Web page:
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NCCN Guidelines for Patients



Rectal Cancer, Version 1.2017


Overview of cancer treatments

Radiation therapy

External radiation

For rectal cancer, the most common radiation

method is EBRT (









A large machine makes high energy x-rays used for

treatment. This machine is called a LINAC (





See Figure 11


The beams of high-energy x-rays are a type of

photon radiation. They will move through your body

at the speed of light. There is no ongoing radiation

inside of you after the treatment session. You will not

have to avoid people.

It takes a team of people to perform the radiation

therapy. The radiation team consists of doctors,

medical physicists, dosimetrists, nurses, and

radiation therapists. Your team will work together to

design your treatment plan and provide treatment.

Planning session

A planning session is needed to map out your

treatment. The planning process is called simulation.

It involves obtaining a CT scan of your body in the

position that is needed for treatment. The scan is

only used for treatment planning.

You will not have to do much to prepare. Don’t eat

a heavy meal for 4 hours beforehand. Think about

wearing easy-to-remove clothes since you’ll undress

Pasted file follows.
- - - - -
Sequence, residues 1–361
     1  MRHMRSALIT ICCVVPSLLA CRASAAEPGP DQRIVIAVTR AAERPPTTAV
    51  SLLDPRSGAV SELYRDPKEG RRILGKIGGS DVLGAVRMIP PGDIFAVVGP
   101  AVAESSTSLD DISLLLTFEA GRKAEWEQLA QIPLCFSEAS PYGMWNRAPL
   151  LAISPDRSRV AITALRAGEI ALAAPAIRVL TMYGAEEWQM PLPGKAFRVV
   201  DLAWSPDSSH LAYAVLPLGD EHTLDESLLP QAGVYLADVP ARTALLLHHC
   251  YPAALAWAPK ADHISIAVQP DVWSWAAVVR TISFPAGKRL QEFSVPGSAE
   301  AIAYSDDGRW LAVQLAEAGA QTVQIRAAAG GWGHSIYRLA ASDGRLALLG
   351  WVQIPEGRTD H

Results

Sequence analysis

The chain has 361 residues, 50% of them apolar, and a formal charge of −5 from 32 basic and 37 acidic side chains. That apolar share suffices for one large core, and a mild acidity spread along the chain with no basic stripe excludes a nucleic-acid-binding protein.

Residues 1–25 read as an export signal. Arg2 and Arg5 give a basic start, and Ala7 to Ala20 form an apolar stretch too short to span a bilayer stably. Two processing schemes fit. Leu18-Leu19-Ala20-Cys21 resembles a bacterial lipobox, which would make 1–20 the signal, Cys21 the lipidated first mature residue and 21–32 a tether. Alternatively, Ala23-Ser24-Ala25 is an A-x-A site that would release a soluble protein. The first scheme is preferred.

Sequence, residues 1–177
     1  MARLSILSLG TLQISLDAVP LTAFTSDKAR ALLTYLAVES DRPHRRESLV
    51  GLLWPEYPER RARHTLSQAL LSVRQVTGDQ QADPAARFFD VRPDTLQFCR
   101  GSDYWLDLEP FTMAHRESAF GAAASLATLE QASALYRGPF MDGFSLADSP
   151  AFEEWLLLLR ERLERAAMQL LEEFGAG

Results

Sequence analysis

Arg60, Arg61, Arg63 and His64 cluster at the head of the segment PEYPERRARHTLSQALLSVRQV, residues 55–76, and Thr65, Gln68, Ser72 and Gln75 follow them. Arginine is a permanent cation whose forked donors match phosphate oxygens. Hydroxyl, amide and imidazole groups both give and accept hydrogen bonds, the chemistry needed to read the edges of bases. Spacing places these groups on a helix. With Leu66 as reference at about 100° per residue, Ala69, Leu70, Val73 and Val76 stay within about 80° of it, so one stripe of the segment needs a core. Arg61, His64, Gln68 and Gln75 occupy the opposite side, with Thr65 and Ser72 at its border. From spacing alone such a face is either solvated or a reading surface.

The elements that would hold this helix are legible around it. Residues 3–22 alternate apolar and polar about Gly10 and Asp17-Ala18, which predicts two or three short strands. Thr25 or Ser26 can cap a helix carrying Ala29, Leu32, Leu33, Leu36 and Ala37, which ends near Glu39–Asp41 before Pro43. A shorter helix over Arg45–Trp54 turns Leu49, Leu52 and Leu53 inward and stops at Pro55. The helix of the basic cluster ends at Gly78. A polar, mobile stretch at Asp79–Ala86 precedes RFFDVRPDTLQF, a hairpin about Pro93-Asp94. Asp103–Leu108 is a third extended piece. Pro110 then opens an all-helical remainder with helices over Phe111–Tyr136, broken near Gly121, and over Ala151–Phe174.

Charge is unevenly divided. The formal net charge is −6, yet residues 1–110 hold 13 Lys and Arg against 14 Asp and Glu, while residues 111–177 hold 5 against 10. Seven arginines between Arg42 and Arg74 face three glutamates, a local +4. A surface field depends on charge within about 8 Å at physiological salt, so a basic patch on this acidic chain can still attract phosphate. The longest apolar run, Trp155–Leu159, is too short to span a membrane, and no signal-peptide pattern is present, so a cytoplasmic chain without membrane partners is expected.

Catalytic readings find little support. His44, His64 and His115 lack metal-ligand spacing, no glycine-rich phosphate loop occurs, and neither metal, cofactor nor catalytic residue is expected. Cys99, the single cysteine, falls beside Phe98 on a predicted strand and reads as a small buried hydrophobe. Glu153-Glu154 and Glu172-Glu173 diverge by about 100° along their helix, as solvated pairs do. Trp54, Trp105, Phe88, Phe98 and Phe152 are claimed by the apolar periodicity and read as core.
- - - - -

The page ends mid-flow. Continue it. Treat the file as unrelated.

from the waist down. You’ll wear a gown during the

session. The planning session takes about one hour.

In the CT room, a mold may be created and fitted

to your body. The mold will help you stay in place

during treatment. Often, people lie face down on the

mold that is on top of the CT table. Your arms may be

raised above your head. Colored laser lights will be

used to help position you.

You may be given a contrast dye. It will make your

rectum and lymph nodes easier to see on the

scans. Contrast may be given with a rubber catheter

inserted into your rectum. Air may also be pumped

in or removed. Next, a CT scan will be done. The

medical physicist or dosimetrist may take more

measurements for treatment planning.

The CT images will be transferred to a treatment

planning computer. Your rectum and other organs will

be seen on the scan. This information will show your

radiation oncologist where to direct the radiation.

After the treatment sites are set, your skin will be

marked for treatment sessions. Your skin will be

marked with a felt pen. Sometimes, set-up marks are

made with tiny permanent tattoos. Photos of your set

up are taken. The marks and photos will be used to

position you for daily treatment sessions.

Figure 11

External beam radiation therapy

Radiation therapy is often delivered from a

large machine called a linear accelerator. The

rays pass through skin and travel to the tumor.

Healthy tissue is protected using modern types

of treatment.